NEW YORK – There were less than two minutes left, and things were getting desperate. Henrik Lundqvist was beginning to lose hope.

Head coach Alain Vigneault motioned for his goaltender to head to the bench, the final, last-ditch effort to save a season that seemed like it had no chance.

So Lundqvist began the short skate towards pine. As he left his crease, his mind wandered. Would he get another chance to step foot inside the paint this season?

“You just leave your hopes to the guys that are out there doing their job,” Lundqvist said. “There’s not much you can control in that situation. You just hope for the best. Season is on the line. When you skate to the bench, there’s a quick thought there where you think about all the hard work you put in to be in that moment and try to stay alive.”

He never made it to the bench.

With 1:41 left in regulation, Derek Stepan wheeled in the offensive zone and found Chris Kreider at the top of the faceoff circle. He fired a one-timer through a screen and past Braden Holtby (41 saves). Kreider dipped to one knee, leaned back, and screamed in delight as 18,006 fans joined in the celebration.

“Obviously we don’t really care who scores that goal as long as it gets scored,” Kreider said. “I’m just happy to be able to play more hockey.”

“Finally,” Lundqvist said of his reaction to the game-tying goal that looked like it would never come. “Usually I get really excited, but tonight it was more big relief, and right away I knew, ‘Wow, there’s so much hockey left here, and we don’t know where this is going.’ I went right back to the net and tried to just refocus a little bit.”

Of course Lundqvist refocused.

So did his teammates. Ryan McDonagh was the hero at 9:37 of overtime, keeping the Presidents’ Trophy winners alive, sending this second-round series to Game 6.

The Rangers improved to 9-0 in their last nine elimination games at the Garden, an NHL record. Lundqvist has been there for all of them, posting a goals against average of 0.97, and a save percentage of .968.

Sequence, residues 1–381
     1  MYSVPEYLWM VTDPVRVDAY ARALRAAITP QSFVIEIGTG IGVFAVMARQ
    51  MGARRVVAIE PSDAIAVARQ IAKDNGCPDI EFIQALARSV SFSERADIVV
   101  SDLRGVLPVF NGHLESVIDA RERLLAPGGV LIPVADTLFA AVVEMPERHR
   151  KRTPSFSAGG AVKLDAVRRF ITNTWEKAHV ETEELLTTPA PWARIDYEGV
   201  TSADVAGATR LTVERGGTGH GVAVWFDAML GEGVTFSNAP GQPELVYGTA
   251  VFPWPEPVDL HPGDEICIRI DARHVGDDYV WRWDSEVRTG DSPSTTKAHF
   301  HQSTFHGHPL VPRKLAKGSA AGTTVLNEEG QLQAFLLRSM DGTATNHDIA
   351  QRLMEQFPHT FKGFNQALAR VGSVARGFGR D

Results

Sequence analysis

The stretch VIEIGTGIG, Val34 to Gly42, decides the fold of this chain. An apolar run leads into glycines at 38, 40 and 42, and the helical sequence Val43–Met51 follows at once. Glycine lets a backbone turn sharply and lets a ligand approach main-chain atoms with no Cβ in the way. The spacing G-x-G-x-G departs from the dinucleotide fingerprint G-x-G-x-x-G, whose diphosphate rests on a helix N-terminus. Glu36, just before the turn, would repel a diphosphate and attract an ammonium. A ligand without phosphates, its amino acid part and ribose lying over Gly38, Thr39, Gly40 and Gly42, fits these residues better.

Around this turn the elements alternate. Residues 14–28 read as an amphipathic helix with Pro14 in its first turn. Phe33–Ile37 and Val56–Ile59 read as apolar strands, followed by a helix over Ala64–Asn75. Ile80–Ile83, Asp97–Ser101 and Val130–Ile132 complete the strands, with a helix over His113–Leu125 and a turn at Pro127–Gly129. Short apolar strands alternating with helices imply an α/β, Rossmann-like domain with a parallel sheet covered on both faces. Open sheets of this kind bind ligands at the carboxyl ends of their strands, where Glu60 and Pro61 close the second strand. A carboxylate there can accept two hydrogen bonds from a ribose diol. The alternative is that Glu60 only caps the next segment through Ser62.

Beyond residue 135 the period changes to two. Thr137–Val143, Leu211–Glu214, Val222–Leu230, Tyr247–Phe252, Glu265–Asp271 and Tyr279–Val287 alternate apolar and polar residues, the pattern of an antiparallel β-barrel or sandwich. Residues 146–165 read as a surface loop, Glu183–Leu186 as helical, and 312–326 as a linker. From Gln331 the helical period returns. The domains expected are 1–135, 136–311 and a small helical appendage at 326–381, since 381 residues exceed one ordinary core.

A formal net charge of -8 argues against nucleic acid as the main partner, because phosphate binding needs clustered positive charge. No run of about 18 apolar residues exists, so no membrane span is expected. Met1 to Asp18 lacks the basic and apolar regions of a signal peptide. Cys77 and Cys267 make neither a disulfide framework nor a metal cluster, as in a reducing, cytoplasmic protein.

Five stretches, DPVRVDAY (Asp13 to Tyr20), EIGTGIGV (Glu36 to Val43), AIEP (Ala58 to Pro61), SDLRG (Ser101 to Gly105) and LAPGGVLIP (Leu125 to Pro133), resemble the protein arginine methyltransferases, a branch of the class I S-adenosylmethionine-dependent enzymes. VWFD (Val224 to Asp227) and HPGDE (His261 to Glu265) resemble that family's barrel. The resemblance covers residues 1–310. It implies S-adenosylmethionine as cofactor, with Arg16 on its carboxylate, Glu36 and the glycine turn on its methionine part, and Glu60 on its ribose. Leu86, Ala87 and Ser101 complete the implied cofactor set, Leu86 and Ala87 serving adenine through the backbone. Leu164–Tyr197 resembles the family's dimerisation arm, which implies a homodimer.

He’s 12-3 in his last 15 elimination games, and now he gets at least one more – Game 6 in Washington on Sunday night.

“Going [to Washington] now, there’s a lot of pressure for them,” Lundqvist said. “I know for sure they don’t want to come back here for another game. So we try to use that to our advantage and go out and try to play our best game of the series, put a lot of pressure on them, and try to come back here and play in front of our fans.”

“We’re focused on one at a time, and I think that really helped us tonight,” said Derek Stepan, who had the primary assist on both Rangers goals. “We were focused on winning Game 5. We move on to Game 6. I know it sucks for reporters to hear that, but that’s the best way to say it. That’s what our focus is.”

The heart-attack Rangers played their league-record 12th straight one-goal game in the playoffs, dating back to last year’s Stanley Cup Final. They found a way, even when all hope seemed lost.

“You’ve just got to continue to keep yourself calm and focused. Obviously we know the building is going loud and the tension is rising, but at the same time you’ve got to be able to make plays and have poise with the puck,” said McDonagh. “It was pretty calm. We know the circumstances. This group is pretty strong in their mindset to understand what each player needs to do and their role.”

“Obviously it’s a great game,” said defenseman Marc Staal. “We’re excited to go back to Washington and put some more pressure on them.”

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Seth has been covering the Rangers for Inside Hockey since 2008. Follow him on Twitter @RothmanHockey

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